SEC Charges New Jersey With Securities Fraud. Is Mass Next?

(ruh roh for Tim for Governor.  Is he next?

Brent, just for you I linked to over 200 articles, not on RMG, about Tim Cahill and Pay to play and highlighted four of them for you. enjoy. – promoted by Rob “EaBo Clipper” Eno)

On Wednesday the SEC charged New Jersey with securities fraud for untruthful disclosures concerning the state of its public pension plans.…  The SEC’s investigation is only the second ever that has been brought against a public entity (City of San Diego was the other one).

According to the SEC’s order, New Jersey offered and sold more than $26 billion worth of municipal bonds in 79 offerings between August 2001 and April 2007. The offering documents for these securities created the false impression that the Teachers’ Pension and Annuity Fund (TPAF) and the Public Employees’ Retirement System (PERS) were being adequately funded, masking the fact that New Jersey was unable to make contributions to TPAF and PERS without raising taxes, cutting other services or otherwise affecting its budget. As a result, investors were not provided adequate information to evaluate the state’s ability to fund the pensions or assess their impact on the state’s financial condition.

I would suspect that Tim Cahill is sleeping a bit more uneasy these days.  It was, after all, Mr. Cahill who signed off on the Commonwealth’s bond offerings that portrayed the state as able to meet obligations while at the same time publicly warning that the state was headed for a “California-style financial meltdown.”…

I would also applaud the SEC’s actions in this matter.  State and local governments have been pulling the wool over the eyes of taxpayers and investors for too long.  Given that Uncle Sam will probably have to foot the bill for state pension mismanagement-and is doing so for state mismanagement of operating funds today-it is fitting that regulators at least insist on adequate and truthful disclosures.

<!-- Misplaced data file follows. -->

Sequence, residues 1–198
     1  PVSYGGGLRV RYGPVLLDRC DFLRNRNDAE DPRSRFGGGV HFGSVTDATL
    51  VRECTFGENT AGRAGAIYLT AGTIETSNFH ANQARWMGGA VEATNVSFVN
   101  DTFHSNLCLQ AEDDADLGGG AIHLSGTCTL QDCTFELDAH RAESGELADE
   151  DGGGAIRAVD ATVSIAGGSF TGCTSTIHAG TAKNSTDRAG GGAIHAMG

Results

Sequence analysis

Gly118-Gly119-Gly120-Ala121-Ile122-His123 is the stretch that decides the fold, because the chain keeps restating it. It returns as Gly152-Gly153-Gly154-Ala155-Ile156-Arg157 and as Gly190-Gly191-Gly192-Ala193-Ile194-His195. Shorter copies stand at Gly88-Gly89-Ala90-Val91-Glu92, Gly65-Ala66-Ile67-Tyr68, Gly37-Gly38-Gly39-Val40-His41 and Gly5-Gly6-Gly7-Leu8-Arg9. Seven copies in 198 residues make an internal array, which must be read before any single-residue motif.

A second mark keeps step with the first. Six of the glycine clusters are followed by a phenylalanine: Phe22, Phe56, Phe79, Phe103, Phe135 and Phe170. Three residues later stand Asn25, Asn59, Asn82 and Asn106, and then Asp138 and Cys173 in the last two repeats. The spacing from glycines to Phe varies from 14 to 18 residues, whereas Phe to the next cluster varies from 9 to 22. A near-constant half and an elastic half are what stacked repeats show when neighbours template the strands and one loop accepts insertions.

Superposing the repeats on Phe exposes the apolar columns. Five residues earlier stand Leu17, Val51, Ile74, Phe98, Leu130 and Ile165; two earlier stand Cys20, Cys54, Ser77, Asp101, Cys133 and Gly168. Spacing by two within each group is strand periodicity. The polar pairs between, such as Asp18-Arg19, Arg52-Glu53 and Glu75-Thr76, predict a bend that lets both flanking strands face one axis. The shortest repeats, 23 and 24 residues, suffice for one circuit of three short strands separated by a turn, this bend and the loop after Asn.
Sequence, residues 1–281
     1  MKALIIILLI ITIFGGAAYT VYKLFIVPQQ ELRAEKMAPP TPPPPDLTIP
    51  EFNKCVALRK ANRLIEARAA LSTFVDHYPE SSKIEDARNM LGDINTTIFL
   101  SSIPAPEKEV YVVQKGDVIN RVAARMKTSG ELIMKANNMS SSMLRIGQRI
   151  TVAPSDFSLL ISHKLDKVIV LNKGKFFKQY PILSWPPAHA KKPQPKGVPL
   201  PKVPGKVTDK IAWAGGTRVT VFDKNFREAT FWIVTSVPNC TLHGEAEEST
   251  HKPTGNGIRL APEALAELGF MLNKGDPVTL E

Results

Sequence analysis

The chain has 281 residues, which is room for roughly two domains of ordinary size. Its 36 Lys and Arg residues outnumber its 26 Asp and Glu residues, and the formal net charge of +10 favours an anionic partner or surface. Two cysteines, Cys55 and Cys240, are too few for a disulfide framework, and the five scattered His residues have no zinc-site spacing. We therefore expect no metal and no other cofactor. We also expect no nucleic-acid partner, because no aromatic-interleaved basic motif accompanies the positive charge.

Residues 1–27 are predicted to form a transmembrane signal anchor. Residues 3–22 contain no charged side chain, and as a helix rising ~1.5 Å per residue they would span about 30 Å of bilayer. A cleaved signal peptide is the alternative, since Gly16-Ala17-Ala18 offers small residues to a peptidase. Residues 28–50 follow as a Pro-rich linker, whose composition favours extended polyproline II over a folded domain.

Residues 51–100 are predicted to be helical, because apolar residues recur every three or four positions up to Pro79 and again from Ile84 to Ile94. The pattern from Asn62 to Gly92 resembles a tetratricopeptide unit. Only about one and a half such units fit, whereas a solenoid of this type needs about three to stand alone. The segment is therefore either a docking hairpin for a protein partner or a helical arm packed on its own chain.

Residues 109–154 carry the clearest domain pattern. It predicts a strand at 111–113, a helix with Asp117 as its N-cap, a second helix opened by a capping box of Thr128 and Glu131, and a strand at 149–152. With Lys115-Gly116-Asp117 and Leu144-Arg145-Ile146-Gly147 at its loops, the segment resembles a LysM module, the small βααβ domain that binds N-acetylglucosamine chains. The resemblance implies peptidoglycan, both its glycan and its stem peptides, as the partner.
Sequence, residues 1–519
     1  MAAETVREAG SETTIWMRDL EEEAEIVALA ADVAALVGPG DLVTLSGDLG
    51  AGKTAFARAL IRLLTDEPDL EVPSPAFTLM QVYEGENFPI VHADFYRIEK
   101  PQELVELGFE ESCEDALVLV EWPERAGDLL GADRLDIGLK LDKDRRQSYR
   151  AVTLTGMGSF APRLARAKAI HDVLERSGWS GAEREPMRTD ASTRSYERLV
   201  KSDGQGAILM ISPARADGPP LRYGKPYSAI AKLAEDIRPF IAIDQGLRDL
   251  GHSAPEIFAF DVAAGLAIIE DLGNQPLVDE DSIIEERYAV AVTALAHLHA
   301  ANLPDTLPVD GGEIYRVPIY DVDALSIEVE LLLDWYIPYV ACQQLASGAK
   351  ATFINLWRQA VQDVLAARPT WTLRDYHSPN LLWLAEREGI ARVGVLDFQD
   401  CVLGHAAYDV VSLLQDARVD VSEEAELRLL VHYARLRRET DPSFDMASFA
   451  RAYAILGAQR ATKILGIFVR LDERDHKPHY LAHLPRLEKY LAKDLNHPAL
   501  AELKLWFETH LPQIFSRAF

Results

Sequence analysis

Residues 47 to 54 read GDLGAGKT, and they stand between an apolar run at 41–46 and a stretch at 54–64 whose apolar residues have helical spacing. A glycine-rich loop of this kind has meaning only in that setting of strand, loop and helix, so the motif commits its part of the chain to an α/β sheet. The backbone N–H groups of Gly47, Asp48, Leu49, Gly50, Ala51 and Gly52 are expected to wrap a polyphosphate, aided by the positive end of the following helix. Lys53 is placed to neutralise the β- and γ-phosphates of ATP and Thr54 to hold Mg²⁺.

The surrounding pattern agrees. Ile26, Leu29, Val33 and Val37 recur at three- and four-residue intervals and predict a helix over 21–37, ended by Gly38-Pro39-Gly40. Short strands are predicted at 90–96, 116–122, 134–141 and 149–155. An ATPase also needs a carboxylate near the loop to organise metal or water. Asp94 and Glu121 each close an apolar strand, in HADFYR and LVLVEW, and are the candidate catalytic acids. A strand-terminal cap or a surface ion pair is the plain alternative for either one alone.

And locally, another reason that we need better oversight at the Treasurer and Auditor offices.  A big factor in that is competitive elections for the constitutional offices which we have this time thanks to Karyn Polito, Mary Connaughton and Kamal Jain.

About yankeepundit

  • Cahill the “fiscal conservative” gets duped…

  • You’ve documented no link between what NJ did and what MA has done.

  • We hear daily cries from public officials that companies and their officials need to be held accountable for their misstatements, omissions, etc. all of which lead to various types of securities fraud.  yet, here we have the State of NJ settling with the SEC with not a single penalty in terms of monetary against the state or any of its officials, elected or administrative.  This boggles the mind.  How can the State commit fraud without any involvement of its officials or personnel?  Has anyone been fired?  Anyone asked to leave?  Not a soul per the news reports to date.  This should have people screaming that the SEC has a double standard with regard to states and private companies.  At least there should be pause when people are buying NJ bonds, but they easily sold their offering yesterday.

    Back to MA.  Rather than focus on potential issues at the Commonwealth level, where there is, at a minimum, reason to make sure we are not exposed as NJ was (this is not a MA issue, but something all states should be doing right now).  However, what about all the bonds and securities offered by cities and towns?  Will the AG, Secratary of the Commonwealth and Auditor undertake examinations to ensure that we do not have issues at that level that need to be dealt with now?  Will they undertake to ensure that these offerings and offerors all know and understand the penalties for making inaccurate or misleading statements in bond offering documents, although there appear to be none in the eyes of the SEC?

    There is much to be concerned about if you are a public official signing off on these offerings, preparing these documents, etc.  Time to be focused on what is being said in the documents versus what is being said in other places and in private.